Following is a question on population policy and grassroots unemployment by the Hon KP Chan and a written reply by the Secretary for Labour and Welfare, Mr Matthew Cheung Kin-chung:
There have been comments that Hong Kong is now facing two major problems, namely structural transformation of the economy and unbalanced development of industries, as well as lack of proper complementary measures in respect of employment and livelihood in Hong Kong’s population policy. It was reported that the Provisional Minimum Wage Commission had estimated in its report that around 45 000 people would be dismissed if the minimum wage was set at the level of $28 per hour, 200 000 people would have a reduction in their working hours, and it was also predicted that in future, more low-skilled workers with low education attainment might face the risk of unemployment due to their weak bargaining power. In this connection, will the Government inform this Council:
(a) of the employment and unemployment situation of grass-roots workers in Hong Kong in the next three to five years as projected by the Government; whether the unemployment rate of grass-roots workers will rise further; if not, of the projection made by the Government; if it will, of the trades, positions and age groups that are expected to be hard hit by unemployment, and the counter-measures put in place by the Government;
(b) apart from the six priority industries, whether the Government will develop other industries so as to create more elementary posts; if it will, of the measures to be implemented; if not, the reasons for that;
(c) whether the Government will consider forging partnership with enterprises to develop labour-intensive industries (e.g. logistic support services such as telephone services centres) in labour-intensive places such as Tin Shui Wai and Tung Chung, with a view to creating more job opportunities and on-the-job training for people in those districts; if it will, of the details; if not, the reasons for that; and
(d) whether the Government will, on the premise that family reunion will not be prejudiced, review and assess the implication of the existing population policy on Hong Kong’s future employment situation, with a view to finding corresponding precautionary measures and solutions; if it will, of the details; if not, the reasons for that?
The Administration has always been concerned about the needs of the grassroots and the disadvantaged. The statutory minimum wage (SMW) was introduced to protect grassroots workers. Our aim is to establish an appropriate SMW regime which provides a wage floor to forestall excessively low wages, but without unduly jeopardising our labour market flexibility, economic growth and competitiveness or causing significant adverse impact on employment opportunities for vulnerable workers. To tie in with the implementation of SMW, the Labour Department (LD) will strengthen its employment services to assist, on all fronts, job seekers with special needs or who have difficulties in finding jobs.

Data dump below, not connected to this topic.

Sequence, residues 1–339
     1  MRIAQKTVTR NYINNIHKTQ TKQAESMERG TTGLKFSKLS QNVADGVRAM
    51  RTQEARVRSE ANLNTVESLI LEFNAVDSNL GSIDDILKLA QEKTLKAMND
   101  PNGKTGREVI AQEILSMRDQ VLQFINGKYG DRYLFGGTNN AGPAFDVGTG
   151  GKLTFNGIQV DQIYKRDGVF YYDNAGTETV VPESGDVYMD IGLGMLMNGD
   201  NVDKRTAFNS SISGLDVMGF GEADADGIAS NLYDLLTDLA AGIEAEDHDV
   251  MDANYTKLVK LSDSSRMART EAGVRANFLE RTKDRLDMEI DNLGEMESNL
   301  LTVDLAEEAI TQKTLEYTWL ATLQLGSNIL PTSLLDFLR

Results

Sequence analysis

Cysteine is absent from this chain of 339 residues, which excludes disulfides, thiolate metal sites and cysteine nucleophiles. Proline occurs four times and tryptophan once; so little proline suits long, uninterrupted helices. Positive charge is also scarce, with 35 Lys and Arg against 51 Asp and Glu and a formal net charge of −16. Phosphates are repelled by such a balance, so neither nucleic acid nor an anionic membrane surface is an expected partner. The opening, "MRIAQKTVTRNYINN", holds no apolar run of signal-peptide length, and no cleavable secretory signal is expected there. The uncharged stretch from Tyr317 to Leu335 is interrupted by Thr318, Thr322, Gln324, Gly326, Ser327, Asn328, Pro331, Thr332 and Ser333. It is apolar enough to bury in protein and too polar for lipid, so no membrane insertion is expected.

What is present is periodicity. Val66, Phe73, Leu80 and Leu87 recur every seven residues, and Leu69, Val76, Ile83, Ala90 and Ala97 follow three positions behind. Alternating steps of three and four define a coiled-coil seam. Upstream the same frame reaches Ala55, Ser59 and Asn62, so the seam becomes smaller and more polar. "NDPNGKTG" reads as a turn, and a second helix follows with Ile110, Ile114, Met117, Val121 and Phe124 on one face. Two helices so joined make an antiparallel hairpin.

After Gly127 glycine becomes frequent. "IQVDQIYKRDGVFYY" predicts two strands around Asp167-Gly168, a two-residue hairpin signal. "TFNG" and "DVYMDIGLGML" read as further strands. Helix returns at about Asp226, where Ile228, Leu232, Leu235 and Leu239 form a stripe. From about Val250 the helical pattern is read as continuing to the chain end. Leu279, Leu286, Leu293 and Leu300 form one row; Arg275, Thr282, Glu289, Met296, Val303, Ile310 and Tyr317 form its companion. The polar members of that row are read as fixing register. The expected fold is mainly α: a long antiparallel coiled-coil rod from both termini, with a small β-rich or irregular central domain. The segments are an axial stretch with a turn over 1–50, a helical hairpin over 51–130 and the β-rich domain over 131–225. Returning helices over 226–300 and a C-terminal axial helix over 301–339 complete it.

My reply to the four parts of the question raised by the Hon Chan Kin-por is set out below:
(a) The figures on layoffs of employees and reduction in working hours in the Report of the Provisional Minimum Wage Commission were only the results of stress tests conducted on the assumption, based on feedback collected by the Commission during the consultation period, that enterprises would absorb 30% of additional wage bills through downsizing. These tests were used to evaluate the risks of job loss and reduction in working hours, and the results were neither precise estimates nor forecasts. While the actual situation would differ from the assumed one, the precise impact would hinge on the economic and employment situations in the next few years, as well as the dynamic effects of interaction between employers and employees after the implementation of SMW. As such, the exact impact of SMW can only be analysed through tracking studies conducted after its implementation, and thus it is difficult to make precise forecasts of unemployment rate at this stage. As for the employment situation of the grassroots labour force, it depends largely on their supply and demand conditions, which are influenced by the economic situation, population and industrial structure, while SMW is only one of the factors at work.
The Labour and Welfare Bureau is conducting a new round of the Manpower Projection (MP) to assess Hong Kong’s future manpower supply and demand at the macro level in the medium term. The MP is expected to be completed in 2011.